As an Open Game, You Can Do Despicable Things in D&D
It is true this is among one of the most malleable games in existence, which gives the players a lot of power to manipulate it. In the infamous words of Uncle Ben, “With great power comes great responsibility,” or more appropriately for Christians, “From everyone who is given much, much will be demanded” (Luke 12:48). Betcha didn’t know there was a biblical lesson with that line!
With this point, as with previous points, it comes down to the person. You can absolutely pillage, murder, steal, worship false gods, or do even worse things. But you don’t have to. If you have the temptation to do something terrible in-game, I would recommend speaking to a professional counselor. Genuinely. There’s nothing wrong with talking to someone who is well-versed in that field of study for their opinion. And if you have a friend that has serious tendencies like this with their characters, you aren’t doing any favors by letting them act them out. Now, I’m not talking about stealing gold or picking on a Non-Player Character (NPC), but if they make you blanch at the description in which they do something to an NPC, there may be deeper-seeded issues there. Sincerely ask them to look into it. But those problems aren’t tied to the game, they’re with the individual. They could act out in any platform.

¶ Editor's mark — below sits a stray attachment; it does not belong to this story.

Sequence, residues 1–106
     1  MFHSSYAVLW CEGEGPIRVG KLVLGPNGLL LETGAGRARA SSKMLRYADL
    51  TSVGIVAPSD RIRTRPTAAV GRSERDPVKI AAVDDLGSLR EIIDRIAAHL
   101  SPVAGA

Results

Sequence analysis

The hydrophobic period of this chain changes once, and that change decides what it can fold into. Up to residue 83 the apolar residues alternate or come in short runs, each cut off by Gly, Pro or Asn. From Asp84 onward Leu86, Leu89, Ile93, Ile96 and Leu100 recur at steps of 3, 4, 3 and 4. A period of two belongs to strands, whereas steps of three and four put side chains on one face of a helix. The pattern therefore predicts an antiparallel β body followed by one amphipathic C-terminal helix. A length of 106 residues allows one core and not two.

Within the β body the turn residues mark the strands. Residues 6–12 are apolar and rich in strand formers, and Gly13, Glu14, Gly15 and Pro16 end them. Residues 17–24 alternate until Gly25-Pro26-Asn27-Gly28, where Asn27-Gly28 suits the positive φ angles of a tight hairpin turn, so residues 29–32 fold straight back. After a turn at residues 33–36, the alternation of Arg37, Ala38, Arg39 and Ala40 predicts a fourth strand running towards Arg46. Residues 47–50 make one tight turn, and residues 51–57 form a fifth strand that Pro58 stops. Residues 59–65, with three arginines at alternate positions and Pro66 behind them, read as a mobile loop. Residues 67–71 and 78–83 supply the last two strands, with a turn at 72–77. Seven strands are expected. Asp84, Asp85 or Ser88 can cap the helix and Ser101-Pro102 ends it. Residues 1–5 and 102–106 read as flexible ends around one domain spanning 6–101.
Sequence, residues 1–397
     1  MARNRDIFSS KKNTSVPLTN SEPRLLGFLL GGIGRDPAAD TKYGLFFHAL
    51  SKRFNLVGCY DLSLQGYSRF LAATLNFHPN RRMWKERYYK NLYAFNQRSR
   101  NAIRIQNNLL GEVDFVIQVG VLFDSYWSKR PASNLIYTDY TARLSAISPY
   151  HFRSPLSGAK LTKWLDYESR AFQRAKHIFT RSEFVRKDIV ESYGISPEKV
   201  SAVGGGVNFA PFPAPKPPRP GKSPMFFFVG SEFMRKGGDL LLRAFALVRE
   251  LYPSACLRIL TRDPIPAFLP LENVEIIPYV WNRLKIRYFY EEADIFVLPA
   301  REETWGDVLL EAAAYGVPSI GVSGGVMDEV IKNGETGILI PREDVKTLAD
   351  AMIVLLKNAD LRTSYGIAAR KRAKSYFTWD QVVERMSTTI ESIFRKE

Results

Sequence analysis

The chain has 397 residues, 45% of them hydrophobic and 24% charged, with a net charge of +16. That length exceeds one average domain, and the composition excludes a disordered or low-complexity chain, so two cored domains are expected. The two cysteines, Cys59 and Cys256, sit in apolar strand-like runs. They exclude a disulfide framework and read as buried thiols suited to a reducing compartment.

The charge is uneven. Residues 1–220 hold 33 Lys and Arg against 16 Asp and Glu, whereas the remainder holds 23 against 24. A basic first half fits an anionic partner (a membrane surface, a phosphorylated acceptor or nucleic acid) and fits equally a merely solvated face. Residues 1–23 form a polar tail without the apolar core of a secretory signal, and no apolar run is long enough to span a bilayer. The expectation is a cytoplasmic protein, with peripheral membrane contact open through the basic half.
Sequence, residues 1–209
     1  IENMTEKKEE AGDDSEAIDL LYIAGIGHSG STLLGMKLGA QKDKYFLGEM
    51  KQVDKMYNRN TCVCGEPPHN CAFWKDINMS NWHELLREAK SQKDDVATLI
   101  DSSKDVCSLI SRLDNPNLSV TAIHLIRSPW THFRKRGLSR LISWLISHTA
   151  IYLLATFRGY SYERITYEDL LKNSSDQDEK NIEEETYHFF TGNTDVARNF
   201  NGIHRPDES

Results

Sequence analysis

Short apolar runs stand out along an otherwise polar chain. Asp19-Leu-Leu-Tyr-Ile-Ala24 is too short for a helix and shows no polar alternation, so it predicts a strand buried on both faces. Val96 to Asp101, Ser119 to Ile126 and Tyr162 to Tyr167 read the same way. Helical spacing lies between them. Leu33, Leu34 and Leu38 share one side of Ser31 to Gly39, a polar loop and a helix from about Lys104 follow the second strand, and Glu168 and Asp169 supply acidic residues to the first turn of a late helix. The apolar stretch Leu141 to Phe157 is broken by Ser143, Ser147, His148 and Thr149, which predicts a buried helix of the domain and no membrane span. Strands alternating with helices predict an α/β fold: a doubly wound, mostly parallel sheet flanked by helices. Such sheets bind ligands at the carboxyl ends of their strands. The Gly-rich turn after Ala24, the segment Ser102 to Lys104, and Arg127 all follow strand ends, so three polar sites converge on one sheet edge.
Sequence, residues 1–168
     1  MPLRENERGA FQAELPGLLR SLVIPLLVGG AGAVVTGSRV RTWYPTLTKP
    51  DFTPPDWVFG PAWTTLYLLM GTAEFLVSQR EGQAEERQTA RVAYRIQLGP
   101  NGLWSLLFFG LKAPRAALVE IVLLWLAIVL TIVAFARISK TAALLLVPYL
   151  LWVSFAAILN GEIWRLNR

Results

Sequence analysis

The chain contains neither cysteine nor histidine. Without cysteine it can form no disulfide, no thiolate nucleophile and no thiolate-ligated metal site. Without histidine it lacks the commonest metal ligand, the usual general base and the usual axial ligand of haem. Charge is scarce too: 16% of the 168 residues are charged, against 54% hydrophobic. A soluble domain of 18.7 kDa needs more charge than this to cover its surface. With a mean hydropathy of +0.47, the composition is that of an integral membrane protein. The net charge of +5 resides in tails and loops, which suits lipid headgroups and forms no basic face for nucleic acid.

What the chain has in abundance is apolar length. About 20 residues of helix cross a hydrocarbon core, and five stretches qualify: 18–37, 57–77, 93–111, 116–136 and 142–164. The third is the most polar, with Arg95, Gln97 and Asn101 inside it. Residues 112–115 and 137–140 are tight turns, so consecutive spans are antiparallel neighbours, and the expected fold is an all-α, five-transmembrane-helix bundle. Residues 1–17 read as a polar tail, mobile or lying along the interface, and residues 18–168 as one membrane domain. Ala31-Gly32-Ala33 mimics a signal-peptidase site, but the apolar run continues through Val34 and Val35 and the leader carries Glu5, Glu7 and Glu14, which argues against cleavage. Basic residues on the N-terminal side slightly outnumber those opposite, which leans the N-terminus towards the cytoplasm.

The other side of the coin with this power, just like superheroes vs. super villains, is that it can be used for good. Dungeons & Dragons doesn’t have a rulebook; it has guidebooks. You can change practically anything you want to as long as the player it affects and the Game Master (the one who controls the direction of the game) can agree.